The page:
Product articles SQL Compare

Comparing Two SQL Server Databases: When, Why, and How

SQL Compare has a simple premise: it will compare the two SQL Server databases for schema differences. It will generate a script that will make the schema of a target database the same as that of the source database. This article explores all the ways this can be helpful during database development and deployment, from generating database scripts in version control, to detecting database drift, to auto-generating deployment scripts. Read more

Database Development with GitHub

How can you use GitHub to do team-based database development? This article proposes a process that splits development work into task-based GitHub branches, incorporates daily database builds and integration testing, and uses Redgate tools to automate tasks such as provisioning, database scripting, and testing. Read more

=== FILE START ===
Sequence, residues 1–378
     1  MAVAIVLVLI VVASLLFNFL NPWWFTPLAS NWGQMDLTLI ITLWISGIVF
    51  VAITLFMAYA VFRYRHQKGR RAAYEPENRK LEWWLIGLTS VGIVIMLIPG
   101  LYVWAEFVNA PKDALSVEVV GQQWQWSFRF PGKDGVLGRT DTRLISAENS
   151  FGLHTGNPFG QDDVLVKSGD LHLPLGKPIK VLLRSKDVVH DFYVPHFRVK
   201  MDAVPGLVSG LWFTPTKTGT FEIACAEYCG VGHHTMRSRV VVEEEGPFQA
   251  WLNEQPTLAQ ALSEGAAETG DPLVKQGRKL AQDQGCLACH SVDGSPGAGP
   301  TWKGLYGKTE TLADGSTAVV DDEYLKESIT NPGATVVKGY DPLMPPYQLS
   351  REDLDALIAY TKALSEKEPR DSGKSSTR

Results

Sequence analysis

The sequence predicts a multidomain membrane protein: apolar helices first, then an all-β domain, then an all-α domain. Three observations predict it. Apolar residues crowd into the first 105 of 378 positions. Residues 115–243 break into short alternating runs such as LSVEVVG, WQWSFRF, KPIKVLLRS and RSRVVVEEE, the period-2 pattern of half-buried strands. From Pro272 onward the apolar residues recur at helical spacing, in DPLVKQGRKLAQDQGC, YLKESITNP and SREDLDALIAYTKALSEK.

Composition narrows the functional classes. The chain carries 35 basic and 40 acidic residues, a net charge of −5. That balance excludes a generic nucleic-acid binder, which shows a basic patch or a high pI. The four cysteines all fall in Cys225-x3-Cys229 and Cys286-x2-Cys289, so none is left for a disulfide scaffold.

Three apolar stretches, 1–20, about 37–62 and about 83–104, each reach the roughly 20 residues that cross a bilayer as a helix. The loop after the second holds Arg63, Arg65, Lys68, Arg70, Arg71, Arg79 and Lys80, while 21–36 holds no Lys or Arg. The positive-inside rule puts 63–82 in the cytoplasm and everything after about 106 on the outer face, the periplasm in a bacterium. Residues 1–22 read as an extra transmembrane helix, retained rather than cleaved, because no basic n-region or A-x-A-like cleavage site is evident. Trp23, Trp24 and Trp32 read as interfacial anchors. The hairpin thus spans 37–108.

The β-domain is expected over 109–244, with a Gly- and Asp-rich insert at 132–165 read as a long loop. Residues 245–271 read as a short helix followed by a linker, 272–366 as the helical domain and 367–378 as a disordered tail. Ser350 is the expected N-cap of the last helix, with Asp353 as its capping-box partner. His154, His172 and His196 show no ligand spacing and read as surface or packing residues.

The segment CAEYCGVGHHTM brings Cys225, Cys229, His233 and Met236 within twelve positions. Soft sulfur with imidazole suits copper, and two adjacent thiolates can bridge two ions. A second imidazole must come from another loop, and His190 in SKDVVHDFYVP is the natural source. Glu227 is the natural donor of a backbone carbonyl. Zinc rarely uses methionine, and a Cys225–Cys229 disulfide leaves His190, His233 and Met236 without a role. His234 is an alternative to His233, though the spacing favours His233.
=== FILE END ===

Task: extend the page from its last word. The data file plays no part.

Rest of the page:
Using Filters to Fine-tune Redgate Database Deployments

Filters are used by Redgate's SQL Compare, SQL Source Control, DLM Dashboard, and SQL Change Automation. A typical use for a filter is to work on just one schema within a database or just a limited set of tables and routines. You would also want to use a filter to exclude certain object, such as database users, from comparisons. Phil Factor explains how they work, and how to create, edit and then use them within the various Redgate tools. Read more

Exploring the SQL Compare Options

You need to compare database schema objects in two SQL Server databases, and then automatically generate a SQL deployment script that when executed will remove these differences, either making the schema of the target database match the source, or vice-versa. It sounds easy, but the problems lie in the details of the schema comparison options. Read more